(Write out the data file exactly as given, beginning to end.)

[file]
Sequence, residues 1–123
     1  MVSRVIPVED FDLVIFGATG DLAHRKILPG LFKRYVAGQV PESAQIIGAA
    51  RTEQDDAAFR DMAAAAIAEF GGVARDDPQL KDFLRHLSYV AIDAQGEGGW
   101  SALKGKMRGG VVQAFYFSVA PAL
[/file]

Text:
Sequence, residues 1–123
     1  MVSRVIPVED FDLVIFGATG DLAHRKILPG LFKRYVAGQV PESAQIIGAA
    51  RTEQDDAAFR DMAAAAIAEF GGVARDDPQL KDFLRHLSYV AIDAQGEGGW
   101  SALKGKMRGG VVQAFYFSVA PAL